PS: A Room IS NOT a lobby, its a strange concept used by some networking systems as a sort of pore mans matchmaking service. It really doesn't make any since if you stop to think about what its really doing. See the entry for "Room" in this article for more information.
Network Manager, most HLAPIs have a concept of a network manager. This is your games main point of interaction with the network at least so far as starting and stopping a connection. The NM would be what references the transport or transports you wish to support and shuttles data between the rest of the HLAPI such as Network Behaviours to and from the LLAPI via those transports e.g., Send/Receive
This is a type of network topology that describes a "client" connecting to another "client" as opposed to a separate server such as one hosted in the cloud. This contrasts with Client / Server.
This is a messy term with little value so we avoid using it.
This can mean a few things but when its your HLAPI or your network service provider talking about it ... this is a concept that needs to go die in a whole somewhere.
What this really is, is a network connection to an assumed point aka the "room". Its used by a few tools as a sort of pore mans discovery system or as a pore mans matchmaking system.
In my opinion ... which I am sure will irritate many networking API authors
Networking API's often have the miss notion that they are somehow the foundation of the system and they tend to try and ham fist in features a networking API has no business messing with. Common offending systems include but are not limited to
- Scene Management ( part of many Network Managers )
- Matchmaking ( Rooms )
- Discovery ( Rooms )
In game design when you hear developers talk about a "room" they are either talking about
A lobby; that is the point before the network session starts up where player's meet and decide the rules of the session they will play together.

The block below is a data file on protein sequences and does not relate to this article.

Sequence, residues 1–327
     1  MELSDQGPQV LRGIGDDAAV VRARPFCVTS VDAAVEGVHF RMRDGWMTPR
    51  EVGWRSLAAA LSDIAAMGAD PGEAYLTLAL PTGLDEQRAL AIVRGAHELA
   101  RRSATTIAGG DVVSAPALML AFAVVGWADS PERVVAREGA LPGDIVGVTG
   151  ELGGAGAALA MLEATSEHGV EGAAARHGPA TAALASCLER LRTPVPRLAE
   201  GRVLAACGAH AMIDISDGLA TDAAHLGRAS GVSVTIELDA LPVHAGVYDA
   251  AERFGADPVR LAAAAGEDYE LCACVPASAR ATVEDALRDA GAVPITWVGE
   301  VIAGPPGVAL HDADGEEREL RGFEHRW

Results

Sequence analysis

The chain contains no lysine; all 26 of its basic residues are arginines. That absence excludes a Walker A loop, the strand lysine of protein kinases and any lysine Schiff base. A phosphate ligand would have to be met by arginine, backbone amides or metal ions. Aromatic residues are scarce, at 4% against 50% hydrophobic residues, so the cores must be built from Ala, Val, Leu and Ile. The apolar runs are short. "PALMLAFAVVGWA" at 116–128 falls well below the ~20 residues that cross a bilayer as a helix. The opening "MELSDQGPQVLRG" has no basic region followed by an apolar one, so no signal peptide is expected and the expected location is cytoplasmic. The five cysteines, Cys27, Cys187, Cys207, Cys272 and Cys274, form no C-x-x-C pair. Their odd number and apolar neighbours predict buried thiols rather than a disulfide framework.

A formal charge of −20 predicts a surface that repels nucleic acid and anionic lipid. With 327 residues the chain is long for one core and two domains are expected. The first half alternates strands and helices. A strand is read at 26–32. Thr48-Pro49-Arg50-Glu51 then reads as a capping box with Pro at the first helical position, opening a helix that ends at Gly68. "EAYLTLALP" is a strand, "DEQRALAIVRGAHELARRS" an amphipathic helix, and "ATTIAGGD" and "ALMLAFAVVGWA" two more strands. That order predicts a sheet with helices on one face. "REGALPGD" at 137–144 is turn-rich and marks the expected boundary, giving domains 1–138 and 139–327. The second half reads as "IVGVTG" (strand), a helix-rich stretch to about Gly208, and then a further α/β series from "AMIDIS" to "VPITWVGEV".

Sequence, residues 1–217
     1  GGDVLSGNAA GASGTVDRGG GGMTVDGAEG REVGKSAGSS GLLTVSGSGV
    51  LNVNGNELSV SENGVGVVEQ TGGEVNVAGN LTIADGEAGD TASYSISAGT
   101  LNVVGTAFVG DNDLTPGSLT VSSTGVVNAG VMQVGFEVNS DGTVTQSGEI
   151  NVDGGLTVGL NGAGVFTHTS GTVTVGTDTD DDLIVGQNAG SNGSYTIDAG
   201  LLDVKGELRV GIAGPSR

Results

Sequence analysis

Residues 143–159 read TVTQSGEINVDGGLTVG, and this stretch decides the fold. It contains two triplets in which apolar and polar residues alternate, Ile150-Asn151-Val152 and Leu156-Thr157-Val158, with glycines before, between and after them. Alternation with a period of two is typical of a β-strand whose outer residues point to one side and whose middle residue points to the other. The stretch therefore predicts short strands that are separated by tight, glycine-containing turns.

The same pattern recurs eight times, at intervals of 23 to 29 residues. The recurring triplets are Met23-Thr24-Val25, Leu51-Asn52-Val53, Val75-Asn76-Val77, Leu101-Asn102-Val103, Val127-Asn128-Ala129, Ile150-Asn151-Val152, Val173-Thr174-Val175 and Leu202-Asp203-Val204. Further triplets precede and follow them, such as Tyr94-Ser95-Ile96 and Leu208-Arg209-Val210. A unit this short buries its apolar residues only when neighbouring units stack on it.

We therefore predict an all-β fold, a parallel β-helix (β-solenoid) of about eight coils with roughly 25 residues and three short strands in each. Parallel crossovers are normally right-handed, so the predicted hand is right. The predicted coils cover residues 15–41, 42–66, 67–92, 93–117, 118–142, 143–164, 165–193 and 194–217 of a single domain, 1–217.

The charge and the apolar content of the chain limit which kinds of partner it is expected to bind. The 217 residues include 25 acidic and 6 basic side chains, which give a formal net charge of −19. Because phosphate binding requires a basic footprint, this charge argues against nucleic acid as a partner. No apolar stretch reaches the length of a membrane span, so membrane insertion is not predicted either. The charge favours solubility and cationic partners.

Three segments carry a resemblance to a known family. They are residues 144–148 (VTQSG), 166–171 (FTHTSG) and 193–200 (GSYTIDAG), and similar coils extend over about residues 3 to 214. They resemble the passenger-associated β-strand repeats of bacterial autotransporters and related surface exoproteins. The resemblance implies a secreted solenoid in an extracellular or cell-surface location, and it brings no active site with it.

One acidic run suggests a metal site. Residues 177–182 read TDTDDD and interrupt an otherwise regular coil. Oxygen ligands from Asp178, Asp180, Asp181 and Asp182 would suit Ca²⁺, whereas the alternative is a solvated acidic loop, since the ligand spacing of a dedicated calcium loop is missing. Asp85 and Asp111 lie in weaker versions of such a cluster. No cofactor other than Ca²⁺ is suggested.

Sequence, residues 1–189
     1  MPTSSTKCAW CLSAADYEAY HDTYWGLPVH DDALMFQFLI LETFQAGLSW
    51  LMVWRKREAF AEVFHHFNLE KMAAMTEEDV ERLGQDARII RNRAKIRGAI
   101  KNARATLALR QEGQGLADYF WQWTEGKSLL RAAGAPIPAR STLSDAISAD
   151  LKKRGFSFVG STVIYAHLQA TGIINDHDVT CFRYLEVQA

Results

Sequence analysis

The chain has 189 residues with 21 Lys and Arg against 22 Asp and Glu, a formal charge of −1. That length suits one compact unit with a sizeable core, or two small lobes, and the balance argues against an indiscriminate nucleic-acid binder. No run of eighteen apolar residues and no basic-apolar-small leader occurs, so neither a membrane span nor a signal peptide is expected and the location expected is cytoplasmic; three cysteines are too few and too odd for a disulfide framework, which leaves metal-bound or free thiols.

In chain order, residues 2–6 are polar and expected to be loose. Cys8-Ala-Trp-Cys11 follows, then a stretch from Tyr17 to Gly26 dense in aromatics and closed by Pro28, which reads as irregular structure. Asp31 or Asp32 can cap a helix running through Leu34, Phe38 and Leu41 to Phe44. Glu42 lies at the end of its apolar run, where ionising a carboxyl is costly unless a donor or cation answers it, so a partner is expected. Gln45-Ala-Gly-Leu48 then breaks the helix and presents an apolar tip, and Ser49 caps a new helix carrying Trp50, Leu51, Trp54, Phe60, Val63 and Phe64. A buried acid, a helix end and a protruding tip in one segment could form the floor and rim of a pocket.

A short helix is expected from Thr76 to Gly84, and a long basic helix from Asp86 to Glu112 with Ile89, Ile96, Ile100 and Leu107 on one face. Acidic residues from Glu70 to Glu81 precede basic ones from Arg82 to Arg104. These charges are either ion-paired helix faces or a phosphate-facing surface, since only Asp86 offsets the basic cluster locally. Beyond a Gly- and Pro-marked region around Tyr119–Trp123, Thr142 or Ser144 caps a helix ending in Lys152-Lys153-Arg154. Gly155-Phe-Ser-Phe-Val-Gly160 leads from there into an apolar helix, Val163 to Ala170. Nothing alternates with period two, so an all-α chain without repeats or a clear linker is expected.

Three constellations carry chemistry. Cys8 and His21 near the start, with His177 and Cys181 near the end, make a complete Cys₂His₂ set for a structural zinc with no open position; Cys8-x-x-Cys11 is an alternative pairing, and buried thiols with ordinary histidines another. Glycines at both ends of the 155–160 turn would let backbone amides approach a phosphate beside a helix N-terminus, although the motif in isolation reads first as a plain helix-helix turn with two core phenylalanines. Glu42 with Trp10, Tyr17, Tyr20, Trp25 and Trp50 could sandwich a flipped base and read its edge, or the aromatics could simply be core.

The network session, that is the game "room" where players are playing together.
( Also ) often abused:
In its simplest form a "server" is anything that serves other things. For example GitBook is a web server, serving your browser with HTML content enabling you to read this article.
A computer running a server operating system used to server other computers with various services is also called a server
A Unity session that is being connected to by other Unity sessions is a game server
Unity builds can be both servers and clients and most NM's have a concept of "Host" which is exactly that, it is where your NM is acting as both a client and a server. That is it is asking for content (From its self) and serving that content (to its self and others).
A Lobby however is not a server, browsing for lobbies is not a way to make a server list. Server discovery is a separate concept.
A common term with HLAPIs like Mirror, MLAPI, etc. This is referring to a simple object that acts as an adapter between you HLAPI and your LLAPI e.g., Fizzy Steam Transport lets the Mirror HLAPI talk to the SteamNetworking LLAPI for example.